Accidentally Miraculous Everyday from that Heaven 2019
An artist, theorist, machinist, programmer – Moonis Ahmad Shah refuses to fit a definition. Recipient of FICA’s Emerging Artist award in 2017, Moonis is an interdisciplinary practitioner born in Srinagar, Kashmir. He works with hybrid practices involving mediums such as video, photography, painting, programming and installation. With his ongoing exhibit at Vadehra Art Gallery, we learned more about his practice and his thoughts on his artistry.
When did your romance with arts begin?
I am not sure I can trace back a singular point of origin when my interest in art began. Perhaps it is something that I am not inclined to do. I feel that I am more interested in what a thing does rather than being interested in how and why it does so. For example, if I am an artist I would be interested in thinking about what that does to me as an individual and as a collective. What are its outcomes and what happens with the change in it over time to fragment, rupture and overflow into who I was and who I am and who I am becoming as an artist.
How has your environment and experiences growing up shaped the artist that you are today?
The context has always shaped and influenced meaning, but it cannot always assure meaning. In relation to this question that means as an artist my environment and experiences have influenced my ways of thinking, but it has not always assured me of a stable experience of what occurs around me as an artist. There is a certain silence that drives through the meaning, the content and my relationship with them. I would say in simpler words my environment and my experiences might be important to understand my modes of thought, but they aren’t it. Ironically that’s what the environment and the experiences have shaped my thought about them. There are categories, which aren’t imagined about the environment, the experience of it and my relation with them, and I work towards perhaps imagining those.
How would you deconstruct your practice?
I think I intend to have a very assemblage-like practice. I want to include and do things as part of my practice, which I do not know. The disturbance, the failure and the subversion it creates in my practice is what I find very interesting including the frustration it causes. It then also drives certain parts of the content of my work too. My practice therefore is a continuous attempt to be what it wasn’t.
Can you tell me a little about Atlas Holding the Heavens and what inspired the series?
Atlas holding the Heavens is inspired by how a spectacular notion of the landscape can be confronted through laughter humor boredom and dejection. It attempts to set a field of enquiry and engage with a new anthropology, an immersion in the semantics of systematic creation and association of spectacle with landscape, borders, margins and conflicts.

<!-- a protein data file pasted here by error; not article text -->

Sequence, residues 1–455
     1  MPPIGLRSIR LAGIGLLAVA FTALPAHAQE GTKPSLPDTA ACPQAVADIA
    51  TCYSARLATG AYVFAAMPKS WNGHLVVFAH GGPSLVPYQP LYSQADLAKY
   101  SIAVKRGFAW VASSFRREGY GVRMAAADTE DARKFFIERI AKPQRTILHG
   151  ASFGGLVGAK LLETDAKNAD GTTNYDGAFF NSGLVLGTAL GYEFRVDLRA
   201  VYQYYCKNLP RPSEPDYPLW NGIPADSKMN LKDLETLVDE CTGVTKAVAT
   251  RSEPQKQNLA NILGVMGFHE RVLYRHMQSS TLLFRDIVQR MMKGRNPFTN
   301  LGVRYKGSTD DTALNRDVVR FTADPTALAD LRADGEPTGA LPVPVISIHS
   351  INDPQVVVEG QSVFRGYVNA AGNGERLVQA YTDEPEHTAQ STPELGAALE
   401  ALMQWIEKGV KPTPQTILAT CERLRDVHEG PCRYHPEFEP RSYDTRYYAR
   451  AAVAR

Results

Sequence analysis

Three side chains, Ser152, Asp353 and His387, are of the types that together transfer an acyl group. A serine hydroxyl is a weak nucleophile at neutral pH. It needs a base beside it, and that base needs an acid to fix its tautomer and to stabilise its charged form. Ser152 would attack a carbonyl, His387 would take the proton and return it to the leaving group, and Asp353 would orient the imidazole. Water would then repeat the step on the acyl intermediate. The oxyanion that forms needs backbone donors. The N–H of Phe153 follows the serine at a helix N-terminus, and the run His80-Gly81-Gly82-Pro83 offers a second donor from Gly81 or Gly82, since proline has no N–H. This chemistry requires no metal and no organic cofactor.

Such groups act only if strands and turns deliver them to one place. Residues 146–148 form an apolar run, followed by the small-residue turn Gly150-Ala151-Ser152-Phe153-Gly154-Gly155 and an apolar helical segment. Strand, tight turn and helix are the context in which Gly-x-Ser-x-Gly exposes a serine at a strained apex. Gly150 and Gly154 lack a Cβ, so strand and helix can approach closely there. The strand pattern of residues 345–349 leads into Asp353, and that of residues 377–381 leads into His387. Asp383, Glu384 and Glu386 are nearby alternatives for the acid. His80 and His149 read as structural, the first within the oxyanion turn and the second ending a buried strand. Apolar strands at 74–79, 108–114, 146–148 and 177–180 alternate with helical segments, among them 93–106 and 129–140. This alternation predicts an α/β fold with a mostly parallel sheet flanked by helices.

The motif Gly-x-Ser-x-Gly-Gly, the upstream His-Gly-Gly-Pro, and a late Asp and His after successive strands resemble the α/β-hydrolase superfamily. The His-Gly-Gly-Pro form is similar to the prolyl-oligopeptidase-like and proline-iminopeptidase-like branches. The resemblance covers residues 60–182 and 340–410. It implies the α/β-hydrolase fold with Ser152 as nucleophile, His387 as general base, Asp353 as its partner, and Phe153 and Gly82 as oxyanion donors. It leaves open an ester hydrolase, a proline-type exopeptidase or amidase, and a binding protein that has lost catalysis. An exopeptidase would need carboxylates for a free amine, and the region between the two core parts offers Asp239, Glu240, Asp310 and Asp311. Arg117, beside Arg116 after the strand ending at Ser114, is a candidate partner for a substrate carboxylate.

Your artistic practice is interdisciplinary, what excites you about working with multiple mediums and is it easy or difficult? What’s your process?
I think working with multiple disciplines opens an arena where I as a practitioner can shift identities from being an “artist” to a “theorist” to a “machinist” to a “programmer” and so on. This allows indiscipline to be inserted in the disciplinary modes of enquiries, which helps me to have multiple layers in my work. The more complex and difficult the process is, the more time it consumes. The more time it consumes the more boredom sometimes kicks in, which generates possibilities for the most creative decisions to be taken. I wouldn’t say it is easy or difficult I think it is complex and so are the things which are “easy” and which are “difficult”. There isn’t a specific procedure that I follow to work, and sometimes I opt for a very opposite mode of working which is calculated mathematical and almost algorithmic. It varies from project to project and concept to concept.
Lastly as an artist do you feel you have a responsibility when creating art?
It is a question I generally battle with. I think my answers about this change with every phase of the moon and every change in the shadow caused by the sun. Sometimes I think artists are like other professionals - the only difference is that we make, sell meaning in a more literal manner. Responsibility is something which then is part of that meaning. But sometimes I think Art can be a procedure, an opportunity for generating and investigating current and other relations with not only people and their lives but with time itself, and therefore everything.
Atlas Holding the Heavens by Moonis Ahmad Shah is on view at Vadehra Art Gallery, New Delhi, until 14 August 2019.
Moonis Ahmad Shah